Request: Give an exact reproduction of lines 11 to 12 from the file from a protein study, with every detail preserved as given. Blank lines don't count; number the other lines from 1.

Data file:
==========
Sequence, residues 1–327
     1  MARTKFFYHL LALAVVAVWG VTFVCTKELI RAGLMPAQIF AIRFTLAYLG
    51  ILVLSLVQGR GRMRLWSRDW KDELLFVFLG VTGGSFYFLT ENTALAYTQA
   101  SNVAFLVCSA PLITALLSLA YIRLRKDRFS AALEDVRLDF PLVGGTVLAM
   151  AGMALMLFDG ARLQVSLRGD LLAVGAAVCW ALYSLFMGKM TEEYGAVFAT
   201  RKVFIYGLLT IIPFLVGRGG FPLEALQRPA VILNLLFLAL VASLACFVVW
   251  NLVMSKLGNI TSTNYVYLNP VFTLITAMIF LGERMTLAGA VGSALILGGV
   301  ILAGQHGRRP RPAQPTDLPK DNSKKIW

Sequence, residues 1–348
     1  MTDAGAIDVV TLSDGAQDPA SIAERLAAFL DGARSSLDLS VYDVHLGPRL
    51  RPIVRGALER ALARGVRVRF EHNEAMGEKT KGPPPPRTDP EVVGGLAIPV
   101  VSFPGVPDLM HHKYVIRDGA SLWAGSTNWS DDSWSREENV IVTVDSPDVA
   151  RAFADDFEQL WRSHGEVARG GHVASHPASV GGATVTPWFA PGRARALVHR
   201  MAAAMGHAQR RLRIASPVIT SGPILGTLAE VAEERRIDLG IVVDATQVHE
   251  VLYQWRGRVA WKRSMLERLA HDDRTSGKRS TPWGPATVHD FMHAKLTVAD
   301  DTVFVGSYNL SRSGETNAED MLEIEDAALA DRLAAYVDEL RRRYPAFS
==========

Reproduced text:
    51  RPIVRGALER ALARGVRVRF EHNEAMGEKT KGPPPPRTDP EVVGGLAIPV
   101  VSFPGVPDLM HHKYVIRDGA SLWAGSTNWS DDSWSREENV IVTVDSPDVA